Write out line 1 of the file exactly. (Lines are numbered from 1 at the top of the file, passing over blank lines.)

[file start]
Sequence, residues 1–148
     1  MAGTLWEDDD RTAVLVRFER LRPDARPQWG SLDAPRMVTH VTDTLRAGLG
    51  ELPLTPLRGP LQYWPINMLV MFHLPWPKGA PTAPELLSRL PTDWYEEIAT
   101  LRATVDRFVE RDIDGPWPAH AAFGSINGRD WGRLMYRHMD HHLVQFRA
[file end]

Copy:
Sequence, residues 1–148